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Just curious : At a change of plea hearing if I let the judge know I don't understand or agree fully with the plea terms what are my options

Asked 4 months ago in Criminal Defense

Billie’s answer: Once your plea is entered, the court will not be swung by you not liking or agreeing with it. The question will only be whether you entered the plea "knowingly, voluntarily, and intelligently." Quite likely, the judge that accepted your plea first went over the document with you line by line, and made findings on the record that you made your plea "knowingly, voluntarily, and intelligently." Usually, the only way a judge will find differently is if the defendant does not have the intellectual capability, etc, or the record of the plea hearing is devoid of facts tending to show the KVI requirement. If the change-of-plea judge DOES find that the plea was entered unlawfully (you didin't do so KVI), then what will likely happen is that the plea is withdrawn, whatever deal you had with the prosecutor goes away, and the case is set for trial.

Answered 4 months ago.

If I pay a $100 fee to request for a fta warrant to be quashed, am I pleading guilty to the fta, or to the original charge?: This is pertaining to WA state. I recently found out that I have a fta warrant for a dwls/r in the 3rd degree (first offense). Instead of turning myself in to get a new court date, I can pay $100 on the municipal court's .gov website to request for it to be quashed and a new court date set, so as to avoid being in jail. In the terms of payment, however, it says that by paying I am pleading guilty to the charge. Does this mean I'm pleading guilty to the charge of failure to appear, or to the charge of dwls/r in 3rd degree? The original charge (dwls 3rd, 1st offense) is from Jan 2nd, 2007 - which is more than 10 years ago. So I don't want to admit guilt on a charge that they may otherwise be unable to prosecute, due to the statute of limitations. Since the warrant is in a town that is hours away from where I work and live, it would be much better for me to be able to pay the fine to quash the warrant, but I don't want to do so if it will be quite harmful to my case. After taking care of the warrant, I intend to pay the dol reinstatement fee and get my driver's license (which I have never had incidentally, only a learner's permit). What is the best course of action for my situation?

Asked 5 months ago in Criminal Defense

Billie’s answer: I don't want you to mention which court here on Avvo, as that may disclose your identity. I would be VERY interested in looking at that website, though. I'd hate to think a court is trying to get people to plead guilty to a crime without being advised of their rights or afforded counsel!!! It's possible, but unlikely, that the warrant has expired. At any rate, just quashing the warrant won't keep you from having to travel to this far-away court (even if you plead guilty you'll need to be sentenced). I would contact an attorney and ask if they could scratch the surface of this for you, and tell you what your options are. Also, you may find out you are eligible for a court appointed attorney to handle the case for you.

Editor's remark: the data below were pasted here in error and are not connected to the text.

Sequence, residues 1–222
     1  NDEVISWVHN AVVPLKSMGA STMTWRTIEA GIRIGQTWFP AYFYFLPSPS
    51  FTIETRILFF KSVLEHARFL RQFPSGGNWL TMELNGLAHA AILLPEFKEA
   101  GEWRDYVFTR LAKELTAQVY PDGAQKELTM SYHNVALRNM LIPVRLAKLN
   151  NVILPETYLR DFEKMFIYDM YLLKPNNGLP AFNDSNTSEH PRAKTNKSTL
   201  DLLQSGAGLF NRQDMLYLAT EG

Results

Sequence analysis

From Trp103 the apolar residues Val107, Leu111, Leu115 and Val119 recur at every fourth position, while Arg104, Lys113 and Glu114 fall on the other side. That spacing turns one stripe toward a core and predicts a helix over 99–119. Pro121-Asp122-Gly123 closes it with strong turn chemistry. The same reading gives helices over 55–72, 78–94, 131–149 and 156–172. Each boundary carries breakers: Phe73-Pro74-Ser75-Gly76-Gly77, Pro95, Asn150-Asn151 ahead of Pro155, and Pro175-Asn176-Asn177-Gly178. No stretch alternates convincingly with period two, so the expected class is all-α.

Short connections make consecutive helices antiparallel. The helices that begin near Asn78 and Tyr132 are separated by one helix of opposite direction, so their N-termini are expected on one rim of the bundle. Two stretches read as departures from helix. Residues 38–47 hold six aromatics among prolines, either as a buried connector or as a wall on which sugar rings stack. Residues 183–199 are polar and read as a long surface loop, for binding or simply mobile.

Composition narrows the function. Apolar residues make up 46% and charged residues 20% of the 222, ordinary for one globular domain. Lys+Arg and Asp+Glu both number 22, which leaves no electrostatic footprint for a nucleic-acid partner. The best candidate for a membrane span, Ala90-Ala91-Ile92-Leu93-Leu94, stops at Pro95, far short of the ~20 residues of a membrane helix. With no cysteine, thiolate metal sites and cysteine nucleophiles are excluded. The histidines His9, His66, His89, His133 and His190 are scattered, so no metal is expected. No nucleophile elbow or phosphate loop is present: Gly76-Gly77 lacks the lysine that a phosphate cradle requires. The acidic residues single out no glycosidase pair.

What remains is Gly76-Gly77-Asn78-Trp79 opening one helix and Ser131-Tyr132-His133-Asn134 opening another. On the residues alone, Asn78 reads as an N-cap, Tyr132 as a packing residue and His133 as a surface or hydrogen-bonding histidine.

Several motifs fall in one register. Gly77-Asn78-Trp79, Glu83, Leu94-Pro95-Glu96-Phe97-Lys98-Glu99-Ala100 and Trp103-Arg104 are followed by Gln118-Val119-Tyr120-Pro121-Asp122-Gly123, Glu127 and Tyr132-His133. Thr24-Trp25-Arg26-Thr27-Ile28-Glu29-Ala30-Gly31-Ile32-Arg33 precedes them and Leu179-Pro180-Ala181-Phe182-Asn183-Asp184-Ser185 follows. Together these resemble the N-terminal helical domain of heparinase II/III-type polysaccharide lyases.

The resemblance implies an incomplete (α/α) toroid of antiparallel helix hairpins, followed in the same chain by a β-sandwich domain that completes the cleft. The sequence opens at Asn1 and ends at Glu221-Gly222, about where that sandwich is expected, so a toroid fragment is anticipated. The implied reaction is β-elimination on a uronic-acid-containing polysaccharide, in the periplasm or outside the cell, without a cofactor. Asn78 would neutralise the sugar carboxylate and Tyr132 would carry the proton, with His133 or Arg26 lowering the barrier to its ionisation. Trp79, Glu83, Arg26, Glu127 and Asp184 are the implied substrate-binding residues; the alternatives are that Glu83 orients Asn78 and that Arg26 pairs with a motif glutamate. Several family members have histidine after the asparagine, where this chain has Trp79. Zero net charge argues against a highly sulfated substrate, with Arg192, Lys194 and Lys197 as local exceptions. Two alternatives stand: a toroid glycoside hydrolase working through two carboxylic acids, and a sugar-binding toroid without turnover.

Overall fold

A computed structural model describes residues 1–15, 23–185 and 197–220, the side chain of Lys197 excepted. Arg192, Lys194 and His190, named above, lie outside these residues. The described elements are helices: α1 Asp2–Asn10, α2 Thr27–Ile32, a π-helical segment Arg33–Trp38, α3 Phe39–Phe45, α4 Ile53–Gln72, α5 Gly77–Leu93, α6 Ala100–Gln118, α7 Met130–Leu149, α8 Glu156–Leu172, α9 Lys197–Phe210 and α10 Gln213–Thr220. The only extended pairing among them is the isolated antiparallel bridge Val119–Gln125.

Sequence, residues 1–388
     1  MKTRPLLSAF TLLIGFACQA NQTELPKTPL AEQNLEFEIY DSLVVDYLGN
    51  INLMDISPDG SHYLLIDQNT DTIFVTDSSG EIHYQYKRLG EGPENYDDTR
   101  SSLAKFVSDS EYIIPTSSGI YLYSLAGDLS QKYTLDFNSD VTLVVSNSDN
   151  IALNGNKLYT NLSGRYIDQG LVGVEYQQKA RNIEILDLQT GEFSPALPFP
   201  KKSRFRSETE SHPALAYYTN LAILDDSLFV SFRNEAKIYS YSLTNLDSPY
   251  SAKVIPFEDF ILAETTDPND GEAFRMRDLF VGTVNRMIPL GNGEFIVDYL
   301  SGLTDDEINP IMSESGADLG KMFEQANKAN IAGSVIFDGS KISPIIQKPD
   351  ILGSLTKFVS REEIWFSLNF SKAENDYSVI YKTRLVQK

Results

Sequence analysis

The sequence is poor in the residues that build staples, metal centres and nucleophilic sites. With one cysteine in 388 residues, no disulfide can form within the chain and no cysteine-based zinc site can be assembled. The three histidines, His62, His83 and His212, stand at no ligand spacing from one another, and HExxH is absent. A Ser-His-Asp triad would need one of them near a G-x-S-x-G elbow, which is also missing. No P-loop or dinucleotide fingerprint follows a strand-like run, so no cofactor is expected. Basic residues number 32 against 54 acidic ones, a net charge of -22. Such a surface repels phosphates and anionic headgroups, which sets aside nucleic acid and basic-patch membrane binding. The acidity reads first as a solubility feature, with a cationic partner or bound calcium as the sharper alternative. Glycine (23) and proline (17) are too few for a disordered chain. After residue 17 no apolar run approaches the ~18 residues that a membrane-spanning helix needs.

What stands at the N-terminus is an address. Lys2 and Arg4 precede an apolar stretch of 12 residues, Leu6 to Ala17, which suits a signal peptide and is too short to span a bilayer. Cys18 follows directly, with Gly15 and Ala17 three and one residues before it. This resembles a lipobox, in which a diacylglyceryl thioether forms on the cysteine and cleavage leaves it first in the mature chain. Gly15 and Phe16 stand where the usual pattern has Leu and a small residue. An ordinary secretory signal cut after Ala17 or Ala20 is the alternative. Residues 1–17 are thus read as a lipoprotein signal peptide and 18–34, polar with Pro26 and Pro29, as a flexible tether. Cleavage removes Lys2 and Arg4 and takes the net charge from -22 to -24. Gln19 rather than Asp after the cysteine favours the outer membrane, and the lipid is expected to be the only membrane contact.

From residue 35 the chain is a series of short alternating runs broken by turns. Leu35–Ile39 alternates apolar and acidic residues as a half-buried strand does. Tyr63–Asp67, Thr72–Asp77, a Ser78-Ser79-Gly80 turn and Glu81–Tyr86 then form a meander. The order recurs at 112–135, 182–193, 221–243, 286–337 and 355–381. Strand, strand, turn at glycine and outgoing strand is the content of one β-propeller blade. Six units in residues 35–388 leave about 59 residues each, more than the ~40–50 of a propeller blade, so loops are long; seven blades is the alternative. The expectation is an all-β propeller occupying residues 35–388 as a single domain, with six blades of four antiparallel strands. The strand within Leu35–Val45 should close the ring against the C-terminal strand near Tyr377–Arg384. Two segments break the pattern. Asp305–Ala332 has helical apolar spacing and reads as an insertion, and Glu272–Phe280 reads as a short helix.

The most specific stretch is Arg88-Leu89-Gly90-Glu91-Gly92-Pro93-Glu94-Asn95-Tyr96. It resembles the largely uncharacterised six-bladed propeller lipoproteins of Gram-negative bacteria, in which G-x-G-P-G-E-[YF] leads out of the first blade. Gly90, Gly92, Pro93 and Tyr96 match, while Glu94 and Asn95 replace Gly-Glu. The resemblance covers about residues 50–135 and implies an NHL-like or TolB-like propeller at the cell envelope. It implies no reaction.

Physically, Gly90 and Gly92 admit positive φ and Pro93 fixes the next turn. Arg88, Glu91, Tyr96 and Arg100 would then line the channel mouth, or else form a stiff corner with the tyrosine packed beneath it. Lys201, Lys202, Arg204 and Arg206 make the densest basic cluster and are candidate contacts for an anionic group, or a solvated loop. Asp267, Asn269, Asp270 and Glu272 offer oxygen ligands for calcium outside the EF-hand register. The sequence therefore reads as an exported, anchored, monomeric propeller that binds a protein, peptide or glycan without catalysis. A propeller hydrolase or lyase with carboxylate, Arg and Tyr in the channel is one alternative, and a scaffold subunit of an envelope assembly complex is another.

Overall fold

Answered 5 months ago.

Can I make a case against the state of Washington for making a technical error which resulted in a class c felony that shouldn't: Okay when i was a juvenile i got a charge that was lowered from a class-c felony to a misdemeanor Instead of assault in the third degree it was supposed to be lowered to attempted assault. An error which has cost me two jobs where i was let go from the results of the background check. And when i asked them why that was they told me that i shouldn't have a felony and that it was a mistake in which they claimed that there was nothing they could do to change it. Sandra Howe of the juvenile department assumed that it would be an easy correction so I kept in contact with her until she could find a solution and resolve my situation that i should not have been in, in the first place. After about a week she had told me that unfortunately it could not be changed so a seemingly simple correction could not be accomplished. Even though its incorrect they could not change it. All in all i feel that this isn't right in any way because one computer error resulted in a felony and i feel that there should be something done in this immensely frustrating mess up.

Asked 6 months ago in Criminal Defense

Billie’s answer: Your only recourse is going to be hiring a lawyer to work through the paperwork to determine if there was a fixable error, or a misunderstanding between you and your attorney at the time. Errors can sometimes be fixed. Misunderstandings generally cannot. Many attorneys don't take these types of cases - they require creativity that many trial lawyers don't have much experience with - they practice pre-trial, rather than post-conviction issues. Attorneys that answer questions on Avvo are sometimes a good place to start. We are not allowed to solicit in this forum.

Answered 6 months ago.